Quality time with your toddler

It’s important to enjoy special 1:1 time with your toddler but try to ensure that you save her very favourite activities for when her baby sibling is with you both. The risk of doing your toddler’s favourite activities only when the baby is asleep is that your toddler might soon assume that life would resemble some sort of blissful nirvana full of loving attention and favourite things … if only the baby would sleep forever.

Managing feeding time

Often mothers find this to be a difficult time, attempting to engage their toddlers while remaining stationary enough to feed their infants at the same time. A helpful idea is creating a box of ‘special feeding activities’ that are only produced during the baby’s feed time. This can include some new books, little toys or puzzles. Again, it’s about creating that positive association with the baby in the mind of your toddler.

Talk to your baby about your toddler

Some mothers feel guilty for gazing at their babies in front of their toddlers. Gazing at your baby is not only incredibly important for bonding, but it also plays a critical role in their brain development. A lovely easy way to have this time with your newborn is to gaze at your baby while you chat to them about their older sibling. Your baby will only take in your eyes, your facial expression and your tone, but your toddler will also notice your words. It’s hard to be resentful if what your toddler hears is: “Gosh, I bet you can’t wait to grow up and play hide and seek with your big brother. He’s lots of fun you know – I bet you’ve already worked that out though, haven’t you? You really love him.”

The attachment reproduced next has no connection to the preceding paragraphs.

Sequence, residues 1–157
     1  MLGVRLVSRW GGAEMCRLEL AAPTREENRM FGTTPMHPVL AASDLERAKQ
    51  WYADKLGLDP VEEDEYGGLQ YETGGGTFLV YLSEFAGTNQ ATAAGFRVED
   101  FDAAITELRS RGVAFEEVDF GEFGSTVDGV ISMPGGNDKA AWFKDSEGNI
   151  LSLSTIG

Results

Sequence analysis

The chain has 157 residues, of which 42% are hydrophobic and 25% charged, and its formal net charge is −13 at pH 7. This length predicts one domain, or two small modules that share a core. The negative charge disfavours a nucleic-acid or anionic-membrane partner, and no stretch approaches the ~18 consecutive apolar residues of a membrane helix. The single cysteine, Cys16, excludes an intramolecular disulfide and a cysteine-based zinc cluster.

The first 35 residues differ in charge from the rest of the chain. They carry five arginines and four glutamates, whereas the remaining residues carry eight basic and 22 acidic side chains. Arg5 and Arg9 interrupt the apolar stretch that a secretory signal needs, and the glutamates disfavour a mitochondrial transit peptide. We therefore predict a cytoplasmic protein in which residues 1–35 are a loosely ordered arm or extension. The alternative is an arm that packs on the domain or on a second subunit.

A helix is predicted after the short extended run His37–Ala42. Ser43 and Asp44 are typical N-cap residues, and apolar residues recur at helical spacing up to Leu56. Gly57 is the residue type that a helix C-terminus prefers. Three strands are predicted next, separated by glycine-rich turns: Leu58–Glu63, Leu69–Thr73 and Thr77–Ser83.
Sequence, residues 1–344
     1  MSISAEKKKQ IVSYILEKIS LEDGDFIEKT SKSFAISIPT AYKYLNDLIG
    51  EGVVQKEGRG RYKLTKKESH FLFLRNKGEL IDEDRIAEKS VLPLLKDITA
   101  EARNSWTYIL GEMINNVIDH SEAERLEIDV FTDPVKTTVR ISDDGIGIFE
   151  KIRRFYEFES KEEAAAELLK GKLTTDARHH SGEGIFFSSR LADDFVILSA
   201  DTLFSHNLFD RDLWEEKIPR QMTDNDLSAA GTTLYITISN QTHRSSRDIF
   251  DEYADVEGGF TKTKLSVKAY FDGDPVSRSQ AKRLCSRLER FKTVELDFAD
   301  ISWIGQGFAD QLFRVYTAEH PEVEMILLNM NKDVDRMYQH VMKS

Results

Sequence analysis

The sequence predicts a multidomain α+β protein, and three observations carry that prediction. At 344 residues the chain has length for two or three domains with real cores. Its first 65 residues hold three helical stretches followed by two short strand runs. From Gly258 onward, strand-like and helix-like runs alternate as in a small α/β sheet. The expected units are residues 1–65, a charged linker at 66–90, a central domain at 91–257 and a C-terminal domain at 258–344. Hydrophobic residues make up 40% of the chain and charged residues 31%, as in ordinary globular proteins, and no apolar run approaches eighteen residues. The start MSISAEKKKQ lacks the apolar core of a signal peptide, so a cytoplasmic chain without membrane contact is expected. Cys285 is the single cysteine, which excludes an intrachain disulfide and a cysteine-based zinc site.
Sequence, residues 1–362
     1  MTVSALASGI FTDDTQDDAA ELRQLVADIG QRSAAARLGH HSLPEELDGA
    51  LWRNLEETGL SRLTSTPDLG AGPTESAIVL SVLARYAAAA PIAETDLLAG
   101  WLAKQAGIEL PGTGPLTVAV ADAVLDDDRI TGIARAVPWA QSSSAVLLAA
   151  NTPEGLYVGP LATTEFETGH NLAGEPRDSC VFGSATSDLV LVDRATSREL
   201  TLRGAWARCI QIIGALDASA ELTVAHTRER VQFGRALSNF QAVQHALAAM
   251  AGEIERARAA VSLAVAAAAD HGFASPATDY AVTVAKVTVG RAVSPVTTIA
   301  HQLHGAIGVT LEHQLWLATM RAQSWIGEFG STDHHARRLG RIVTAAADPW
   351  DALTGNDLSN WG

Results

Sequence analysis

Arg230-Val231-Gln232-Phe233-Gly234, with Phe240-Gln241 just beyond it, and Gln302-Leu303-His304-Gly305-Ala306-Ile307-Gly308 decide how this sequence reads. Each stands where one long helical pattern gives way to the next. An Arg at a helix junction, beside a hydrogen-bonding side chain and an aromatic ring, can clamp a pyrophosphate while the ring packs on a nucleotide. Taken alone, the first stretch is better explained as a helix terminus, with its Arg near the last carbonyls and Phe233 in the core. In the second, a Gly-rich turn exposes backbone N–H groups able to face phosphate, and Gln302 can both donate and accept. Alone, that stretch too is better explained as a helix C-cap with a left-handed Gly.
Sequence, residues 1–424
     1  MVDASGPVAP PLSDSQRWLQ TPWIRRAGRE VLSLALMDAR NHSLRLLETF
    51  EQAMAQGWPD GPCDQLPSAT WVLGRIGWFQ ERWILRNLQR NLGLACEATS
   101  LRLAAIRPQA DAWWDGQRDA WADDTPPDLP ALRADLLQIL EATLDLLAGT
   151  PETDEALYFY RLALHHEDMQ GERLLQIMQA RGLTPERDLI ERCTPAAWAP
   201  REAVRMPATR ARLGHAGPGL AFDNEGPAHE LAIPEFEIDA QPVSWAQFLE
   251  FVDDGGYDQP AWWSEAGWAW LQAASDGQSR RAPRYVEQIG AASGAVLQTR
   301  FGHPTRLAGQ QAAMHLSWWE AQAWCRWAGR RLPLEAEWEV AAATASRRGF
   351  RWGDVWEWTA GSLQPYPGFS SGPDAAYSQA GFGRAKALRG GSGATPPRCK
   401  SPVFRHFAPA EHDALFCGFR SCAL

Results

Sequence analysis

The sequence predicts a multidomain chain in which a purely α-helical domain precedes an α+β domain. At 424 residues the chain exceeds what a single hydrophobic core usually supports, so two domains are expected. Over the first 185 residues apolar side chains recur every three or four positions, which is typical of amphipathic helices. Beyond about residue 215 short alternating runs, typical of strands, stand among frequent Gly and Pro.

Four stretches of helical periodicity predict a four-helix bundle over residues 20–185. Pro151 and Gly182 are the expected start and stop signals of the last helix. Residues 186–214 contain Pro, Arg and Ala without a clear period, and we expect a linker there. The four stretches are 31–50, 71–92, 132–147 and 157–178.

A word about play

Your toddler might want to role-play being either the parent or baby in her play, it’s all perfectly normal. Aggressive play is also normal. If your toddler is hurting a baby in their play, it’s a good opportunity to acknowledge aloud that they seem to be feeling angry towards the baby. Play provides a wonderful opportunity for children to make sense of the changes in their life and communicate their difficulties with you (as long as it’s clearly understood that real aggression towards your real baby is not okay).

Understand the feelings behind your toddler’s behaviours

Some toddlers are able to express their feelings in words. Others will communicate their distress through their behaviours. This is a challenging time for your toddler and while they need limits, they also need your understanding.

Enjoy this stage for what it is

Lastly, enjoy this life stage. There will be days when it will seem like a major achievement that you all survived. But I’m quite convinced that no-one ever lies on their death bed wishing that they’d spent more time asleep. Rather, it seems more likely that people reflect back on these years and wished that they had really cherished them.